Archive for the ‘Rhetoric’ Category
Can presence and distance live in peace?
The philosopher, the writer, the journalist—and many others—work at cultivating distance in relationship even as they stand in the present.
Why do that?
The work of analysis, of illustrating via story and reportage all require distance for the facts to sort themselves. Just like the passage of time has a way of revealing what was important ten, twenty and two hundred years ago. Just like the artist learns to imagine a two-dimensional plane to begin to make marks with/on their media.
Distance starts to open a way forward by helping us see differently. Presence demands attention—that’s the human piece of empathy and mercy. Sometimes we need to slip from present to distant and back again. All the while avoiding absence.
My conversation with the hospice chaplain reminded me of the help a bit of distance brings to sufferers and those in grief. The person slightly distant brings a perspective the sufferer may need to hear, though that perspective may not be immediately welcome. Best if that slightly distant perspective comes wrapped in empathy and mercy.
But even at work we can cultivate a bit of distance for the sake of clarity. When the boss pontificates it doesn’t hurt to ask why she does so and what rhetorical goals her sermon serves.
And even at home we can mingle distance and presence: staying present with family (versus attaching to whatever screen or podcast holds our attention) is the first order of business. But we bring perspective when we step back.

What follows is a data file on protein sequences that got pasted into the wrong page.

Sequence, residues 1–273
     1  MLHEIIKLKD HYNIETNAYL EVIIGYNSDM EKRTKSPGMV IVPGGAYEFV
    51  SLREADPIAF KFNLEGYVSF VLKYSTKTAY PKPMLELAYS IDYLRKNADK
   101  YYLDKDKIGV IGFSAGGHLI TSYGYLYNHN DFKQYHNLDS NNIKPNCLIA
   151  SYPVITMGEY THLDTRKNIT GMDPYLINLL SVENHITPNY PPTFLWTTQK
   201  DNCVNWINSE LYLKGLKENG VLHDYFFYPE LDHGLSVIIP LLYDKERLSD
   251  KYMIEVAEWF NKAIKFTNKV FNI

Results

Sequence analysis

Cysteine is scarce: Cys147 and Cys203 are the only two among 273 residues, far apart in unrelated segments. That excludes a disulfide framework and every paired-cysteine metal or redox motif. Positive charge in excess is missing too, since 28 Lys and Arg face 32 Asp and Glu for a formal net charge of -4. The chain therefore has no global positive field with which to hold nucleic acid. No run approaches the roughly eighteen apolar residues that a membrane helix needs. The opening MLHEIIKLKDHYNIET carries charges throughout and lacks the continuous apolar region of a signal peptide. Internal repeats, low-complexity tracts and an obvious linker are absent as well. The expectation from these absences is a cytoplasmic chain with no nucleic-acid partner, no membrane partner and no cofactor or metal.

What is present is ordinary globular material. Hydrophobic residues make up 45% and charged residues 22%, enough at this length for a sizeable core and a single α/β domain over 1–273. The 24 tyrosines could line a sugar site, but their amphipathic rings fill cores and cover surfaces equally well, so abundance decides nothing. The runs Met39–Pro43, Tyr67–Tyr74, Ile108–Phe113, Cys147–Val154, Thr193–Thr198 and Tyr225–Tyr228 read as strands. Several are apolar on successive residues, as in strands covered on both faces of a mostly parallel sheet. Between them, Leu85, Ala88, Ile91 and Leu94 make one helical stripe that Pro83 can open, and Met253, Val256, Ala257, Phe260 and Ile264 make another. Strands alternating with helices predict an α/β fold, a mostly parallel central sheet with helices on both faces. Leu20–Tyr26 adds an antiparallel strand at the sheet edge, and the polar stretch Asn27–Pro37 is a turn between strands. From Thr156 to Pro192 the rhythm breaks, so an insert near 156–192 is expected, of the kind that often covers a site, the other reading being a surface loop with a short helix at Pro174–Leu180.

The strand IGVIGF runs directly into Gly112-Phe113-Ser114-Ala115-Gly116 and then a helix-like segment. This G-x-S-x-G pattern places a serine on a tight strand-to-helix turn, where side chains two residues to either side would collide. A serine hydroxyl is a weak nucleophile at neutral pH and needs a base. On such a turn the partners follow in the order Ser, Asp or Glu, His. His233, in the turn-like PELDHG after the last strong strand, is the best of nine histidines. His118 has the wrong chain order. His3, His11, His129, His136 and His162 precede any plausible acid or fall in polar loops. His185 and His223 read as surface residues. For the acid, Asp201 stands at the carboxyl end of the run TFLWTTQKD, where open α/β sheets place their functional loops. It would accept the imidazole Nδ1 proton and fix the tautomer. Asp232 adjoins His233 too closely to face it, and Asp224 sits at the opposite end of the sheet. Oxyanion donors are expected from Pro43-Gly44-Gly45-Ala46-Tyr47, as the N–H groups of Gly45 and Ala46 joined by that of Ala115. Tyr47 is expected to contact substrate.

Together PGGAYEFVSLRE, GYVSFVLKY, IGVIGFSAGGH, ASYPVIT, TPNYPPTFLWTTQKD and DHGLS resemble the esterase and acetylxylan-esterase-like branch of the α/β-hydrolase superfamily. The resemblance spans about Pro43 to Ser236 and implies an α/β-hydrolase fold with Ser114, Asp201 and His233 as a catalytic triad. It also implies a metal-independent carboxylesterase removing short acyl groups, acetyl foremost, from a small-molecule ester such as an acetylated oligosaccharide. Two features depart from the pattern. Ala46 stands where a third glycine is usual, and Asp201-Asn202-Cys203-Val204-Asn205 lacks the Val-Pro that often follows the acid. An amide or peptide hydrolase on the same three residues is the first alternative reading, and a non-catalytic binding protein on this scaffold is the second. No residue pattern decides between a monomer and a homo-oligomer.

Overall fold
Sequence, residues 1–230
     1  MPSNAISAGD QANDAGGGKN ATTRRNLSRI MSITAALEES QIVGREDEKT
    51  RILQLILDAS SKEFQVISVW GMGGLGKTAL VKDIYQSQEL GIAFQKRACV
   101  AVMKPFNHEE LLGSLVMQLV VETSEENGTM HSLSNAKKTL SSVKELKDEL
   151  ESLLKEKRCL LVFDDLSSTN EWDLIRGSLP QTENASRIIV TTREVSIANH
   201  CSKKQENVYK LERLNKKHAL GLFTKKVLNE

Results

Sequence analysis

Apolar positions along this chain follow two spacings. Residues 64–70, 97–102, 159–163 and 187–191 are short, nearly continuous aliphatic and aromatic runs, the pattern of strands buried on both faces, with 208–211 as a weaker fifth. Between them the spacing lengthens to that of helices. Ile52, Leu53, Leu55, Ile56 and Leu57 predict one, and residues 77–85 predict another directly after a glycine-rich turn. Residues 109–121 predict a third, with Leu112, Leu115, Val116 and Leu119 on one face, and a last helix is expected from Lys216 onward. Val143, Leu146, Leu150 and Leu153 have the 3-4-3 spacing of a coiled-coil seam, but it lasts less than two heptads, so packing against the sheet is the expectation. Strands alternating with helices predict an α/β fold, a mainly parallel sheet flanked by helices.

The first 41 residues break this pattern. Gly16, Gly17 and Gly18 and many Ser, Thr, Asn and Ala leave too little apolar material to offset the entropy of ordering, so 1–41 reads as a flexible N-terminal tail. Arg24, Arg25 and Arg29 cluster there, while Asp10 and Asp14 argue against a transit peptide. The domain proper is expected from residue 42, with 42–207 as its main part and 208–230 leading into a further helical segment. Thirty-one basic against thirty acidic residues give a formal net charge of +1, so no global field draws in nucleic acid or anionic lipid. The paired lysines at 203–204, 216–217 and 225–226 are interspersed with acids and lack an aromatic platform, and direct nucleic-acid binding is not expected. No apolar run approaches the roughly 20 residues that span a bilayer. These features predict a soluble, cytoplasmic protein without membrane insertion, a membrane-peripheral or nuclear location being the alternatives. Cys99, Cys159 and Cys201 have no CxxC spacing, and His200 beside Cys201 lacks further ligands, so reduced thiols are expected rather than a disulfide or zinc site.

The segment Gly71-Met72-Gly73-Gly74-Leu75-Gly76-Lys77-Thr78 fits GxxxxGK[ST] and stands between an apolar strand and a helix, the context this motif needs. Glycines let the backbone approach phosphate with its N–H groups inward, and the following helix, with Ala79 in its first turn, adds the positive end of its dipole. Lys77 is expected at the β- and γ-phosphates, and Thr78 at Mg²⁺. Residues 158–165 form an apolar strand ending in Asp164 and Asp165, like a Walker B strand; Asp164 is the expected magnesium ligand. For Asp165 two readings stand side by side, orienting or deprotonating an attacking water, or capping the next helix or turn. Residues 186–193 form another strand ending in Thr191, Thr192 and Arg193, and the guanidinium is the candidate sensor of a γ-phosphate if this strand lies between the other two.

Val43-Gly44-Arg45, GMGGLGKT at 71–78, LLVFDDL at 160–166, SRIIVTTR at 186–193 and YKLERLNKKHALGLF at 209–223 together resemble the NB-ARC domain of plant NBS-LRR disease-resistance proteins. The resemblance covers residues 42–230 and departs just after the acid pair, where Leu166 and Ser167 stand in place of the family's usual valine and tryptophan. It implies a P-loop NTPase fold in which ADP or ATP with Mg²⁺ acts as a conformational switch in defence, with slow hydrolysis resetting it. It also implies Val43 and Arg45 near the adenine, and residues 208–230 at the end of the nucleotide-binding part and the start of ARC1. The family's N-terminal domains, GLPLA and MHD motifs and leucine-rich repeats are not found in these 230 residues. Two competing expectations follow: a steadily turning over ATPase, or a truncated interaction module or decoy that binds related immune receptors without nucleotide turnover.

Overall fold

We need presence and distance to move forward.
Absence rarely aids progress.
Image credit: Kirk Livingston
How do you read this?
Jesus went up the mountain with his followers, as the great teachers do. His first words:
How you hear those words depends on where you come from. The images that come to mind, the connections you make, the hope or lack of hope—much is prefigured and preloaded by the conditions you bring.
What did the original hearers hear? That is the question.
But we make a start toward answering that question by asking what door we just stepped through.
Dumb sketch: Kirk Livingston
Insider language bores the outsider
Researchers, scientists, academicians marshal their facts to a higher standard, but with their neglect of the emotive power of language they often speak only to each other, their parochial words dropping like sand on a private desert.
–Sol Stein, Stein on Writing (NY: St. Martin’s Press, 1995) 11.
And please don’t equate “emotive” with flowery.
Image Credit: Kirk Livingston
How Our Democracy Fails at Conversation
We all know the September vote for Scottish independence failed and the country remains a part of the United Kingdom. But the conversations and engagement running up to the vote were astounding. One journalist cited 97% of voters were registered and turnout was uniformly high:
The more I think about conversation and the more I look for where it works and where it fails, I cannot help but see that our own (U.S.) version of democracy seems to be largely failing at promoting conversation. There are a lot of reasons for this: from our personal refusal to think beyond our tribe’s talking points to the media’s complicity in monologuing about peripheral issues to our general high levels of distraction and low levels of interest in following an argument.
Two excellent sources that have helped me see our democracy and media with fresh eyes are Democracy Incorporated: Managed Democracy and the Specter of Inverted Totalitarianism by Sheldon S. Wolin (Princeton: Princeton University Press, 2008), and Dan Gillmor’s Mediactive. Both books begin to unravel the connections between larger corporate interests and the way news is made. Both books advise healthy skepticism of news delivered. And both books have a story to tell about why we as a nation are so disengaged in our political process (hint from Wolin: those in power stay in power by keeping the electorate repulsed and distracted).